New York Times, April 28, 1898.

 

 

 

-Headline: "Clara Barton in Tampa"

Miss Clara Barton of the Red Cross Society arrived here to-night from Washington, and she with the entire Red Cross force, will leave Tampa tomorrow for Key West. (Photo: Ms. Clara Barton, head of the Red Cross.

New York Times, April 28, 1898.

 

Gen. Wade and his staff made an official call today on Miss Clara Barton and they had an important conference of half hour. The exact nature of it is not known, but Miss Barton admitted that her future movements were concerned in it. Tonight Miss Barton and those of the society who were with her left on the steamship Mascotte for Key West.

New York Times, April 29, 1898.

 

 

 

-Headline: "Action expected in Tampa"

The army of invasion will leave Tampa for Cuba, it is believed here, on Wednesday next. Such is the programmed as unofficially announced at the headquarters and in the camp. The steamers of Plant Steamship Company, which are to assist in the transportation of troops are all now here and have up steam..

The arrival of troops has been the order of today.. The total number of troops now here will exceed 7,000, most of them comprising infantry commands.. Sunday has been unusually quiet in the three camps where the men's are located. The strictest discipline is enforced, and the men are no allowed far from their camps. About twenty thousand of the people of this and adjoining cities visited the camps today.(Photo: A medical unit encamped near Tampa)

New York Times, May 2, 1898.

 

 

Headline: "Troops moving on Tampa"

To night all of the mules, wagon, and heavy equipage of the camp in this city has been ordered to Port Tampa ready and convenient for shipment to Cuba. This fact is not known outside of the camp. The railroad authorities who are transport them are under the strictest orders to give out no information. Thousands of troops, artillery, and infantry, have arrived in the past twenty-four hours, and the city is one great military post swarming with from every part of the Union, all eager for and expecting an early invasion of Cuba. Well known is that 200 hundred natives Cubans who have been quietly enlisted in New York City by Gen. Julio Sanguily arrived in Tampa to-night. They will formed into a cavalry regiment and under the leadership of the famous Cuban who enlisted them will probably embark for Cuba with the American troops. (Photo: Transports at Port Tampa awaiting the loading of troops for Cuba)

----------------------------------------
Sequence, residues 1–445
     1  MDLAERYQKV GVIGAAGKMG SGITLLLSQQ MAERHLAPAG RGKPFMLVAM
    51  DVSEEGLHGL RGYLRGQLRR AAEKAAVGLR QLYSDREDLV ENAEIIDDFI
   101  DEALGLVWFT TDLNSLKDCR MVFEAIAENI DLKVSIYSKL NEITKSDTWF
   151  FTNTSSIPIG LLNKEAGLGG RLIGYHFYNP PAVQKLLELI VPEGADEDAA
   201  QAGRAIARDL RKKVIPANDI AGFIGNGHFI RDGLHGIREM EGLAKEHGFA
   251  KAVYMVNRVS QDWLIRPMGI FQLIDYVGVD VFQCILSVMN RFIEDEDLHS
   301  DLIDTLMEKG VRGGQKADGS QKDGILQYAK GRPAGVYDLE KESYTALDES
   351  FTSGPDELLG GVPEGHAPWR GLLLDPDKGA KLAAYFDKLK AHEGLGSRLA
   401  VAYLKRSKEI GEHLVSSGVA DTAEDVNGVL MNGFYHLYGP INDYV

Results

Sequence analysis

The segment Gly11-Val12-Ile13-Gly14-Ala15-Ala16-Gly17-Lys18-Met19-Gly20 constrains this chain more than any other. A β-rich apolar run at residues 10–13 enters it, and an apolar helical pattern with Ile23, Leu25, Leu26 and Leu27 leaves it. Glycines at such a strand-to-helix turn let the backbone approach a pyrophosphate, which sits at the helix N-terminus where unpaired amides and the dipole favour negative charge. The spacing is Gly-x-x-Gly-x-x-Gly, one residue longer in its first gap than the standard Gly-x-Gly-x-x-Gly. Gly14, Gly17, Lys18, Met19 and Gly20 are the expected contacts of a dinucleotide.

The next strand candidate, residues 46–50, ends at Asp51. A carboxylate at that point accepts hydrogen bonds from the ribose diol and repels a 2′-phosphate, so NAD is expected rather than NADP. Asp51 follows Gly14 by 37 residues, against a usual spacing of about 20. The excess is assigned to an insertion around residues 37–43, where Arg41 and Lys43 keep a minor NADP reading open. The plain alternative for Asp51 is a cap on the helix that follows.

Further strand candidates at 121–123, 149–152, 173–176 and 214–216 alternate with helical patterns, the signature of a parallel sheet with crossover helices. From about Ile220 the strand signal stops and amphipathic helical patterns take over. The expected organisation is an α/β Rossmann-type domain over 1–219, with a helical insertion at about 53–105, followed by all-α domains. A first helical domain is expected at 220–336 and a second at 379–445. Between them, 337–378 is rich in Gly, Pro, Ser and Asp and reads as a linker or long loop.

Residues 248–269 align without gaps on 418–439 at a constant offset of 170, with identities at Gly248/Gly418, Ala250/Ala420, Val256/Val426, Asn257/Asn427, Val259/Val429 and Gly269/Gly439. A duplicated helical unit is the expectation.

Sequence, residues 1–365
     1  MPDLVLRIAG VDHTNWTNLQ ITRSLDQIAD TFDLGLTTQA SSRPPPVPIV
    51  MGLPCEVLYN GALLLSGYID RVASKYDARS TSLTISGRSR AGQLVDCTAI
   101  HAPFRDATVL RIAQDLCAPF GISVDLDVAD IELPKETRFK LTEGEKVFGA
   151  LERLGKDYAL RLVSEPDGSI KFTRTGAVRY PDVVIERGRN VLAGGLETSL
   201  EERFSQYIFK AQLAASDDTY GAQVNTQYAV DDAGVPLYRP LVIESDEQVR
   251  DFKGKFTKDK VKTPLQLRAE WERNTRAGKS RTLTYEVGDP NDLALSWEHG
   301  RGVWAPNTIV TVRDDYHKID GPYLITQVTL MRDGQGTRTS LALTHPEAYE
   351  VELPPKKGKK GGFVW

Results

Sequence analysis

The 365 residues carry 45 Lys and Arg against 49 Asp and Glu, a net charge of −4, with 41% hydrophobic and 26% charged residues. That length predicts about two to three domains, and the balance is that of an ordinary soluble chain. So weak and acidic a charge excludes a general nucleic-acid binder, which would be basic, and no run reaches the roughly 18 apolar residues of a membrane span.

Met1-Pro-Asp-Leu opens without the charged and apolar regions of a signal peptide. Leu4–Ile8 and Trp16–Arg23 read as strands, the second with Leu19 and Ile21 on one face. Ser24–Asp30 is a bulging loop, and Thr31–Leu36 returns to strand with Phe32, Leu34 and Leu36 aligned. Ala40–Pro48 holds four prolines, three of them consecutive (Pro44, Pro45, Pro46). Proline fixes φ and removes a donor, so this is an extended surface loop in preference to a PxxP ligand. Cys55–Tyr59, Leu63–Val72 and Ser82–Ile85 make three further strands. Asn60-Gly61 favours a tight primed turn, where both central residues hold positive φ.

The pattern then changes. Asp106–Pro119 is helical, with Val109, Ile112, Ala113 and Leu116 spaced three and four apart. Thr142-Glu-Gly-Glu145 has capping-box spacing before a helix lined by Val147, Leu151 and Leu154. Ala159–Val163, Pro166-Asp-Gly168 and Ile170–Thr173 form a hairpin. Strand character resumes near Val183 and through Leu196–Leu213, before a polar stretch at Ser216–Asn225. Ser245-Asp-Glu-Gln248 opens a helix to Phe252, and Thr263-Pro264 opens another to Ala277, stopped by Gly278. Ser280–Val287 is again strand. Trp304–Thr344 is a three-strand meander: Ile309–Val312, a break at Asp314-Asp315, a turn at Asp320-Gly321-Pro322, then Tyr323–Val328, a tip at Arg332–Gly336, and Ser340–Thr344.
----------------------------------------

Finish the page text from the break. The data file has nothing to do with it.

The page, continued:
New York Times, May 3, 1898.

 

 

Headline: "Troops Held at Tampa"

The movement of troops here is check by orders from Washington. Everything rest in doubt except that the President does not favor any hurried movement for the land forces against Cuba...

Seven transport boats are now at Port Tampa, and soon will be in readiness for the loading of the troops.."The time of sailing will be made known to everybody", said Gen. Shafter today. "This is to big an expedition to get away in a hurry", he added. Many visitors are pouring into town to see the military pageantry. (Photo: Cuban Volunteers, including many cigar makers, prepared to embark for Cuba)

New York Times, May 7, 1898.

 

 

 

Headline: "Enlistment of Cubans in Tampa"

The enlistment of Cubans soldiers this week has made quite stir in the cigar factories. About 300 unmarried men enlisted, and 600 to 700 more have arrived from Key West, Jacksonville, New York and other cities. They are encamped in West Tampa awaiting orders. Most of those who enlisted here are cigar makers, and their places in the factories are being filled rapidly by others, who are glad to step in. (Photo: Cubans volunteers)

Tobacco Leaf, May 12, 1898.

Headline: "Two Companies Leave Tampa"

The first invasion force of American troops left for Cuba at 2 this afternoon on the Steamer Gussie. It consisted of Companies E and G of the First Infantry, and the twenty Cubans who go with them.

New York Post, May 12,1898.

 

 

Headline: "Impatience at Tampa"

The movement to Cuba does not seem as near today as it did yesterday. Whenever a movement seems to be made an order comes from Washington checking it, and so day after day the pendulum swing between enthusiasm and discouragement.

Camp life here is not a recreation by any means. The soldiers for the most part are stationed on barren sand wastes where the heat and glare are almost unendurable. Cubans declare that the discomforts are no greater than they would be Cuba. There is no shade at the artillery and cavalry camps near Tampa. There is not a regiment that would not preferred going to Cuba at once to waiting here in the heat and sand glare and monotonous inaction. Neither officers nor men can understand the cause of de lay..

The transport Orizaba came into Port Tampa today. This makes nine vessels ready for the embarkation of the troops. The Florida has been set aside for use of the 800 Cubans under Gen. Lacret. This is one of the Plant Lines boats chartered by the Government. It has taken on a large cargo of Springfield rifles and ammunition, and may leave with a command of Cuban volunteers at any hour.

New York Times, May 12, 1898.

 

Headline: " Gen. Wade Looking for a camp"